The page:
So many problems. So little time.
How do you begin to tackle difficult problems? Your own and others?
Remove yourself emotionally. Do not take the problem personally. It isn’t about you. Even if it is your own. It doesn’t define you. Whether you solve the problem or not doesn’t make you more or less of a good person, but it is best that you learn the lesson.
Is it a new problem that has you perplexed? Do a bit of brain mining and reframing. Search your mind for old solutions that you can apply to your new problem. You need to see your new problem in a different light, so it feels less mind-numbing.
Be hyper realistic – make sure you understand what part of the problem is true, not what you wish to be true. Beware of false evidence appearing as real (your fear about the problem).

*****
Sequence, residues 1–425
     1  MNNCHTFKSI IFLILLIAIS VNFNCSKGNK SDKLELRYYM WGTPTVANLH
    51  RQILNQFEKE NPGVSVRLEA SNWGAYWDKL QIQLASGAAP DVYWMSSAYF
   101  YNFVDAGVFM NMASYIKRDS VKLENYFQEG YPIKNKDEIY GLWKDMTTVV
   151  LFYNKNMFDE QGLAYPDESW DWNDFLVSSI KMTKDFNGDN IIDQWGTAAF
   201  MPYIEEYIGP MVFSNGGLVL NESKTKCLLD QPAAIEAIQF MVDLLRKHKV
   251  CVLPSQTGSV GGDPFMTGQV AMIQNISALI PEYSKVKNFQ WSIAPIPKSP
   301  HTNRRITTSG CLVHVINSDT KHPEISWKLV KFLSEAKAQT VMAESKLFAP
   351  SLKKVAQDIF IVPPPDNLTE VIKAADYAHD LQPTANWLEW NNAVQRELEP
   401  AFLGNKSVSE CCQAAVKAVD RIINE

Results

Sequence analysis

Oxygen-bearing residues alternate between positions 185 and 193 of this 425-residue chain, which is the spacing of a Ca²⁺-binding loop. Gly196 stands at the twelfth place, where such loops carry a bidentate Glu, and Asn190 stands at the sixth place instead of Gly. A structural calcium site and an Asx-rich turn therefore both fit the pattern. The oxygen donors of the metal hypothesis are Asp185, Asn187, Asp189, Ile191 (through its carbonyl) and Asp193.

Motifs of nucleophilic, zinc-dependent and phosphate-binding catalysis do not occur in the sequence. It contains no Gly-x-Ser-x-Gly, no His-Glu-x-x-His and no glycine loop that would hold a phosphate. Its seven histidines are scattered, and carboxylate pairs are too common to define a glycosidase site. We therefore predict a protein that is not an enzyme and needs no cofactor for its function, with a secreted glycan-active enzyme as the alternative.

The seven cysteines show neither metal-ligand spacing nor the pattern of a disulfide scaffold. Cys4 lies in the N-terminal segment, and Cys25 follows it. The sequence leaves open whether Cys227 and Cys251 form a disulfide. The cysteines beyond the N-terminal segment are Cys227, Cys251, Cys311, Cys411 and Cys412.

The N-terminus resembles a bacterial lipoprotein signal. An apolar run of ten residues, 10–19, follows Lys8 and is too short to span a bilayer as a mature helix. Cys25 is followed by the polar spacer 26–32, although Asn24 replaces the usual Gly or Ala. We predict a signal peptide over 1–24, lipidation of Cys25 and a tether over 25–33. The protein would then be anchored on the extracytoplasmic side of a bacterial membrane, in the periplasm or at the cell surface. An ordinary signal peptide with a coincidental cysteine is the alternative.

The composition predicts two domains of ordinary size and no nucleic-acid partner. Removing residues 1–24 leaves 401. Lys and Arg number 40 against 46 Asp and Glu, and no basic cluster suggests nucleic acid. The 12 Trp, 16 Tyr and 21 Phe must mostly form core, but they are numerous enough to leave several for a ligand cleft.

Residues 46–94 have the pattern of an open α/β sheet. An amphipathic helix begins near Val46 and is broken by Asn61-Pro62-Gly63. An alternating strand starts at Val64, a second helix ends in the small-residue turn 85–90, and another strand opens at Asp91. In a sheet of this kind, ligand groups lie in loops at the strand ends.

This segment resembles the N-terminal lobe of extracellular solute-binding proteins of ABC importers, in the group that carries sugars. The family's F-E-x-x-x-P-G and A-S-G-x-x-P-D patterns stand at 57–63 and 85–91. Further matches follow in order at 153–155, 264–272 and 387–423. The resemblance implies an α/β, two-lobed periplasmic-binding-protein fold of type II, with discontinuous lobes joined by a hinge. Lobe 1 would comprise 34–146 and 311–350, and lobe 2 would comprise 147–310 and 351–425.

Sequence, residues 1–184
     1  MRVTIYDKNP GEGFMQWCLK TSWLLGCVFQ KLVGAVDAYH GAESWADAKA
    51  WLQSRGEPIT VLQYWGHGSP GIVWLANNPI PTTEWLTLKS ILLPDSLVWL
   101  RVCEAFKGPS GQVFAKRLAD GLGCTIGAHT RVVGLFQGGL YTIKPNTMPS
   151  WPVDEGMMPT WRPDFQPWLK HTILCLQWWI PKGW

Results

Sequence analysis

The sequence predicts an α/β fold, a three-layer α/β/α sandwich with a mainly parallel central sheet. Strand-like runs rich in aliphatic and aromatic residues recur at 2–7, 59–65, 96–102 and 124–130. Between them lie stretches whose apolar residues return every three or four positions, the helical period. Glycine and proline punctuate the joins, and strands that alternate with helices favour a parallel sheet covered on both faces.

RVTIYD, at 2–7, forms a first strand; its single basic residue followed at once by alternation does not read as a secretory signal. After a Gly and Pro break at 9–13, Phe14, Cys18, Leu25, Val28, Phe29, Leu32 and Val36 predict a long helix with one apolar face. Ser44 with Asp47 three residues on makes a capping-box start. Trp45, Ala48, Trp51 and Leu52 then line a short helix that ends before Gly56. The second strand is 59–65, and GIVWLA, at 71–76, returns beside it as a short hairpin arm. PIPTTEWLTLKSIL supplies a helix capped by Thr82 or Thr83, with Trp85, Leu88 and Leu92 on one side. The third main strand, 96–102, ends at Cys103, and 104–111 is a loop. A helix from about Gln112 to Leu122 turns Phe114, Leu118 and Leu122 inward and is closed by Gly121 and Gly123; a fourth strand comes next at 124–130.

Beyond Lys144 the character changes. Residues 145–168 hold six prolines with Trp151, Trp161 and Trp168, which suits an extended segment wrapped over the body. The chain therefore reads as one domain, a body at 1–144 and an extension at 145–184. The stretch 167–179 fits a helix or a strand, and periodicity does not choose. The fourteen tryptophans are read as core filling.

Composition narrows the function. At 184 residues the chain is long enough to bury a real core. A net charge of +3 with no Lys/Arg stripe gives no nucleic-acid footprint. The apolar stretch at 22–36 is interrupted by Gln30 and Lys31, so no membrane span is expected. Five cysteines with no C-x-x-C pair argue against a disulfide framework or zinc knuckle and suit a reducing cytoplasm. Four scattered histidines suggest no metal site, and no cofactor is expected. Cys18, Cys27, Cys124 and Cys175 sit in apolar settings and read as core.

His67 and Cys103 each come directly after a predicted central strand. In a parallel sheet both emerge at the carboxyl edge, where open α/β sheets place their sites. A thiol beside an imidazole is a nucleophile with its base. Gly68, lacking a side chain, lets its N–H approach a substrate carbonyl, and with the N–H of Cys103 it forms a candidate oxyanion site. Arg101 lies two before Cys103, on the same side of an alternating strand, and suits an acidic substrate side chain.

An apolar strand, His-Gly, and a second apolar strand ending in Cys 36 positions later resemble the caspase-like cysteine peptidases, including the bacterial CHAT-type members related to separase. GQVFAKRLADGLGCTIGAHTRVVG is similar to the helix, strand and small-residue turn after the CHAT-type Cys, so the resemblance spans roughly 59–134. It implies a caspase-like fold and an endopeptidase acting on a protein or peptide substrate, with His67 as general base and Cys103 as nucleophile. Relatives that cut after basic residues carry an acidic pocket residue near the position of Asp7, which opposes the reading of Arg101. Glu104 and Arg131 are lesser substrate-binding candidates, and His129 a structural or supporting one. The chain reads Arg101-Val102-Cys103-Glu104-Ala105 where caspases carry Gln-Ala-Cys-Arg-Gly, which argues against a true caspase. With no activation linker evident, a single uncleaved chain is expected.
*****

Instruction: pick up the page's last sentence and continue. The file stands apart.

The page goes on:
Tease out what is not necessary. Are you worrying about parts of the problem that don’t have to be solved? This will only make it that much more complex. Get to the core of the problem.
Now that you are at the core issue, state each element of the problem simply. Explain your problem as if you were going to tell it to a five year old.
Write out the questions that you don’t understand about the problem.
Research and understand what other’s have tried to fix the problem. Is there anything you can learn from your mistakes?
Use divergent thinking – expanding what could be possible. Divergent thinking is a thought process or method used to generate creative ideas by exploring many possible solutions.
After you have come up with an acceptable amount of new ideas, use convergent thinking to refining ideas and looking for patterns.
Here a 3 minute explanation from Harvard’s Anne Manning.